Old English Sheepdog Puppies for Sale in Missouri, MO
Gerald W M.
Old English Sheepdog
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Old English Sheepdog Characteristics
Famous for its shaggy black and white coat, the Old English Sheepdog is instantly identifiable. These dogs were originally bred as herding dogs, but now are more popular as loving and protective household companions. The Old English Sheepdog (or OES for short) is a great candidate if you're looking for a large companion dog who is happy to learn and spend time with its people.
The Old English Sheepdog is thought to have originated in England in the late 1800s. After being brought to America in the early 1900s, it enjoyed a reputation as a breed for the upper-class. By the mid-1970s, it had reached peak popularity and was a common household companion. Since then, the popularity has dwindled due to the effort required to care for its iconic coat.
These are large dogs that appear even larger thanks to their fluffy exterior. Males stand around 22 inches tall and weigh 80 to 100 pounds. Females stand a little bit shorter at around 21 inches tall and weigh 60 to 85 pounds. While the OES does not shed as much as you might think, their coat does require a substantial amount of upkeep and professional grooming to prevent matting.
These dogs have lovable and clownish personalities and are always looking for ways to make their humans happy, whether adult or child. The OES is an intelligent breed and does well in obedience sports and herding. The Old English Sheepdog is prone to separation anxiety and does not enjoy spending substantial time outside, so keeping your OES inside where the people are is your best bet.
How dog-friendly is Missouri?
Missouri is a great state for dog-lovers! The state has great pet-friendly activities, housing, and animal safety laws.
Pawsafe, an animal safety ranker, conducted a study ranking all 50 states according to their pet-friendliness. They reached their ranking through several different factors, including animal cruelty laws, pet-friendly accommodations, pet services, and the number of dog parks and hiking trails.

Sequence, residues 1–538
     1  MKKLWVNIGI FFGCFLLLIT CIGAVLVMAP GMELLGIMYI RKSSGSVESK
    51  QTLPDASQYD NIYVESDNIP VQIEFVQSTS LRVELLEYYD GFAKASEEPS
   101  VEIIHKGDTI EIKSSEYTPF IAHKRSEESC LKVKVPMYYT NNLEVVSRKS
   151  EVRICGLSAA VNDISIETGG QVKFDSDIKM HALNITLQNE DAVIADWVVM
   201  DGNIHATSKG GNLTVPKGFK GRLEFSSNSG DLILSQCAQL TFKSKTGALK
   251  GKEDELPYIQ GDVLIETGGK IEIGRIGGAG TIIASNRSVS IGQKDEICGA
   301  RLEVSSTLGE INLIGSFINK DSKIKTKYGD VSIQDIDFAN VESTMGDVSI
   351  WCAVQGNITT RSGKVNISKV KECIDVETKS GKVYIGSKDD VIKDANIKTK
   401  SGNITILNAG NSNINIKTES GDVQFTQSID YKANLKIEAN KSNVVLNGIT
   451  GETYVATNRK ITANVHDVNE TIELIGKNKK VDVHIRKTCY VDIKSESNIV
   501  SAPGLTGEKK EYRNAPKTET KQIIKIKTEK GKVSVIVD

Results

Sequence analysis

In their study, Missouri is ranked as the 20th most pet-friendly state. The state also scored well for its animal welfare laws related to abuse, neglect, fighting, or pet care standards.
A separate study by Safewise also ranked Missouri quite well. In their study, Missouri is ranked as the 24th most pet-friendly state. Overall, Missouri ranks towards the middle of the pack of pet-friendly states but has some strong pros for dog owners.
Are cities in Missouri pet-friendly?
Review site WalletHub ran a study of the biggest 100 cities in the United States, and how pet-friendly they are according to several factors. Here’s how a few Missouri Cities ranked.
In their study, St. Louis was the 6th most pet-friendly city. It ranked 39th for outdoor pet-friendliness, 18th for pet budget, and 16th for pet health and wellness.
A Trust for Public Land (TPL) study also reviews the country’s 100 largest cities to see which has the most dog parks per capita. St. Louis ranked 30th on the list at 1.6 per 100,000 residents.
Kansas City, MO also did well, ranking 46th overall in the WalletHub survey. They also ranked 58th for outdoor pet-friendliness, 12th for pet budget, and 86th for pet health and wellness.
A few more facts for dog-lovers in Missouri
BringFido lists Missouri as a pet-friendly travel destination with over 2138 verified pet-friendly hotels and motels.
Forty-five percent of Missouri residents own a dog, which is above the national dog ownership rate of 40%.
According to the American Kennel Club (AKC), the most popular dogs in Missouri are Labradors, French Bulldogs, and German Shepherds. Other popular breeds include Yorkshire Terriers, Boxers, and Chihuahuas.
Animal welfare & dog shelters in Missouri
Missouri saved 91,835 dogs and cats during 2020. Approximately 3,777 animals were killed over this same period.
One hundred forty-six out of 175 of the animal shelters within Missouri are no-kill shelters. The percentage of no-kill shelters is high, and the state has an above-average save rate of 89%. This is barely short of the 90% mark needed to be considered a no-kill state. We love to see it, Missouri!
Old English Sheepdogs Everywhere in Missouri
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